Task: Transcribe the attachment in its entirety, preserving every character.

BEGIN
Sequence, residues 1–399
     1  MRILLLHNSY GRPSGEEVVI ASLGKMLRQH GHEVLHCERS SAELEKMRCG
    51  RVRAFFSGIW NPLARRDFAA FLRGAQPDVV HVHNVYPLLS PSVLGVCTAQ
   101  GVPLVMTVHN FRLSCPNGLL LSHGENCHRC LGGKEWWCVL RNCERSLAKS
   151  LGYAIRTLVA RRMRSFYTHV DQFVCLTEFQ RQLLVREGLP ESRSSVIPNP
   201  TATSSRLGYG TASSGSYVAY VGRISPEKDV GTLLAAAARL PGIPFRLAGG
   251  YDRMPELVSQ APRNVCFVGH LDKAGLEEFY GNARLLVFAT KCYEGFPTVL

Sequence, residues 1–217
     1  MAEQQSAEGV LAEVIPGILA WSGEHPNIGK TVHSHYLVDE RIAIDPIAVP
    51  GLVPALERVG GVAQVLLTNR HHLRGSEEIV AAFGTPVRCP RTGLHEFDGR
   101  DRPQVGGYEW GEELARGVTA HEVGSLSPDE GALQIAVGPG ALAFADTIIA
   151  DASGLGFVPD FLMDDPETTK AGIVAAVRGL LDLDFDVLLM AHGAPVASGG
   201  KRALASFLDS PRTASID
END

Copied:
Sequence, residues 1–399
     1  MRILLLHNSY GRPSGEEVVI ASLGKMLRQH GHEVLHCERS SAELEKMRCG
    51  RVRAFFSGIW NPLARRDFAA FLRGAQPDVV HVHNVYPLLS PSVLGVCTAQ
   101  GVPLVMTVHN FRLSCPNGLL LSHGENCHRC LGGKEWWCVL RNCERSLAKS
   151  LGYAIRTLVA RRMRSFYTHV DQFVCLTEFQ RQLLVREGLP ESRSSVIPNP
   201  TATSSRLGYG TASSGSYVAY VGRISPEKDV GTLLAAAARL PGIPFRLAGG
   251  YDRMPELVSQ APRNVCFVGH LDKAGLEEFY GNARLLVFAT KCYEGFPTVL

Sequence, residues 1–217
     1  MAEQQSAEGV LAEVIPGILA WSGEHPNIGK TVHSHYLVDE RIAIDPIAVP
    51  GLVPALERVG GVAQVLLTNR HHLRGSEEIV AAFGTPVRCP RTGLHEFDGR
   101  DRPQVGGYEW GEELARGVTA HEVGSLSPDE GALQIAVGPG ALAFADTIIA
   151  DASGLGFVPD FLMDDPETTK AGIVAAVRGL LDLDFDVLLM AHGAPVASGG
   201  KRALASFLDS PRTASID